There are a lot of collaborative digital tools out there. So many, indeed, that Tyler and I once spent a week researching and testing different ones to see which we liked best. Safe to say, we know just how much time can be spent thinking about what tools may work best within a company’s culture.
After a lot of experimenting, we found that the combination of Asana, Pocket, Sidekick, Hangouts and Google Drive works best for us. Here’s why we choose them and how we use them:
Emails take up too much time. Asana was created for collaboration without email, which is exactly what it accomplishes. You may have noticed that we didn’t list any email orientated digital tools above. Gmail isn’t listed because we don’t use it internally, Asana completely replaces it (excluding chat.)
Asana eliminates email by combining tasks, conversations, due dates, calendars and milestones into one slick product. The reason we think Asana works so well is that it hinges around tasks or action items. This task concentration contrasts the ambiguity of emails which are saturated with useless information and verbiage. Moreover, the process of generating an email is comparatively a lot more time consuming than generating a task in asana. To put it simply, then, Asana makes project driven communication faster and more effective by cutting out all of the otiose aspects of emails.
The tool also allows users to attach files, set deadlines, comment on the tasks, like an action, add sub-tasks, and mark the tasks complete, giving you all the necessary components to collaborate without any unnecessary frill.
Asana was originally built internally at Facebook by co-founders Justin Rosenstein and Dustin Moskovitz. Moskovitz was Mark Zuckerberg’s roommate and the first CTO of Facebook. Rosenstein, a former Googler, had been working on an internal collaboration at Google before moving onto Facebook. At Facebook, the two tech stars put their heads together to design the original framework for the social network. In 2008, they decided to spin-off the company and give to businesses of all shapes and sizes. In November of 2011, Asana officially launched out of its beta.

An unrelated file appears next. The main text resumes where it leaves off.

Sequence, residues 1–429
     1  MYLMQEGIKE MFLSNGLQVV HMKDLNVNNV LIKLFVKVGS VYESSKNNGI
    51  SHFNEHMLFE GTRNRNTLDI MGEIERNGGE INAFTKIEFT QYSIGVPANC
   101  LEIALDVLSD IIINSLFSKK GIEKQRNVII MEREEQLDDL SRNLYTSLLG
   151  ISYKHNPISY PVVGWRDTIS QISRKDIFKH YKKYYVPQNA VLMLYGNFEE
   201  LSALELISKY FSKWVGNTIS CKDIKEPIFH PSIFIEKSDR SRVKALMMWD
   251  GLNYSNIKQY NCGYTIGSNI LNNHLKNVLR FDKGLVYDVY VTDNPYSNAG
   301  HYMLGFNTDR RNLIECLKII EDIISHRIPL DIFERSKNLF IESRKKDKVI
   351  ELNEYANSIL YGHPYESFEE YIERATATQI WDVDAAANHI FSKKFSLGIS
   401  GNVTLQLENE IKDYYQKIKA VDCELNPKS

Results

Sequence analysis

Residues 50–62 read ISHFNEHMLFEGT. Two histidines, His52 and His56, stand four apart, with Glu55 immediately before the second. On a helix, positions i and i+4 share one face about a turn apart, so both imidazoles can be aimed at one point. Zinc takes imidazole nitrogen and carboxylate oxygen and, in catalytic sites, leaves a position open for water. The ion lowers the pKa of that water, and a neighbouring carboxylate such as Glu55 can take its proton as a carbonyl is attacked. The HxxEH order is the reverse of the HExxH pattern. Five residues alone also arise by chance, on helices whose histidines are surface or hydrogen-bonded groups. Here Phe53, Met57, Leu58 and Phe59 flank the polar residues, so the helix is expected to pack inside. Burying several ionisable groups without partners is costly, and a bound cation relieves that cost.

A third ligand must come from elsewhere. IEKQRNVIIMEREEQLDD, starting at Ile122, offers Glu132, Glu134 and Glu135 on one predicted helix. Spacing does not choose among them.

Now the software is used by Airbnb, Dropbox, Pinterest and Uber amongs thousands of others. Even more, it’s free for up to 15 users, so you can give it a whirl without putting any cash down.
Pocket is simply great. We read a lot of articles at F&F and Pocket completely changes the way you read, store, and share articles online. Pocket allows you to store articles and access them, ad-free, on any device as well as easily share the articles with friends.
For us, we use Pocket as a way to read articles on the go without having to go to a bunch of different websites as well as simply storing all the articles we like for easy access later.
Pocket, originally called Read it Later, was started by Nate Weiner in 2007. After getting millions of users, he moved the company to Silicon Valley, got venture funding and rebranded it to pocket. So far the changes seem to be working as the company has received millions in backing and has 12 million users.
Sidekick gives you a notification when someone opens your email and tells you what device the email was opened on. That’s it. The simple app is extremely useful, when emailing clients, because it lets you know if your emails are being ignored, forwarded on to many people or being opened right away.
Sidekick is a Hubspot app. Hubspot is the leading company in inbound marketing, offering a suite of various marketing and sales software. Sidekick is offered for free as an inbound strategy from the company that literally wrote the book on it. Hubspot get you to their website to download the app, gets your email and thereby, has you in the top of their sales funnel.
The only problem we have with Asana is that it doesn’t have a robust chat feature. So, we use hangouts for all of messaging. Hangouts is embedded into gmail, making it incredibly convenient and it has apps for all the major mobile devices.
Hangouts is a free Google product that was originally launched in May of 2013 as a consolidation of Google’s enterprise and free messaging tools.
5. Google Drive
Google drive should probably be listed as second on this list, but its nearly ubiquitous, so we thought it would be a boring number 2. Boring or not, Google Drive is integral for being able to work collaboratively. The ability to share folders allows us to share all the files we are working on in the cloud, and access them anywhere.
To sum up, internally, all tasks are put through Asana, their files are stored in Drive, and their immediate conversations are executed in Hangouts. That’s how we do everything, it’s simple and it’s fast.